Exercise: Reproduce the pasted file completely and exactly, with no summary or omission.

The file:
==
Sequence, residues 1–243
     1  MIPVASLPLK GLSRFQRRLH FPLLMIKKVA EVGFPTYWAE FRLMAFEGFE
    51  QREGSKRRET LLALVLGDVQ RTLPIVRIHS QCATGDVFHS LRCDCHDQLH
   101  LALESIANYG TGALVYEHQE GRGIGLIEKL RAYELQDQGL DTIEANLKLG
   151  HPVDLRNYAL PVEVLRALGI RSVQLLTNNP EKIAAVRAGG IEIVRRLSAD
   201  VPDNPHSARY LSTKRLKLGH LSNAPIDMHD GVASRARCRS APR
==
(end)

Sequence, residues 1–243
     1  MIPVASLPLK GLSRFQRRLH FPLLMIKKVA EVGFPTYWAE FRLMAFEGFE
    51  QREGSKRRET LLALVLGDVQ RTLPIVRIHS QCATGDVFHS LRCDCHDQLH
   101  LALESIANYG TGALVYEHQE GRGIGLIEKL RAYELQDQGL DTIEANLKLG
   151  HPVDLRNYAL PVEVLRALGI RSVQLLTNNP EKIAAVRAGG IEIVRRLSAD
   201  VPDNPHSARY LSTKRLKLGH LSNAPIDMHD GVASRARCRS APR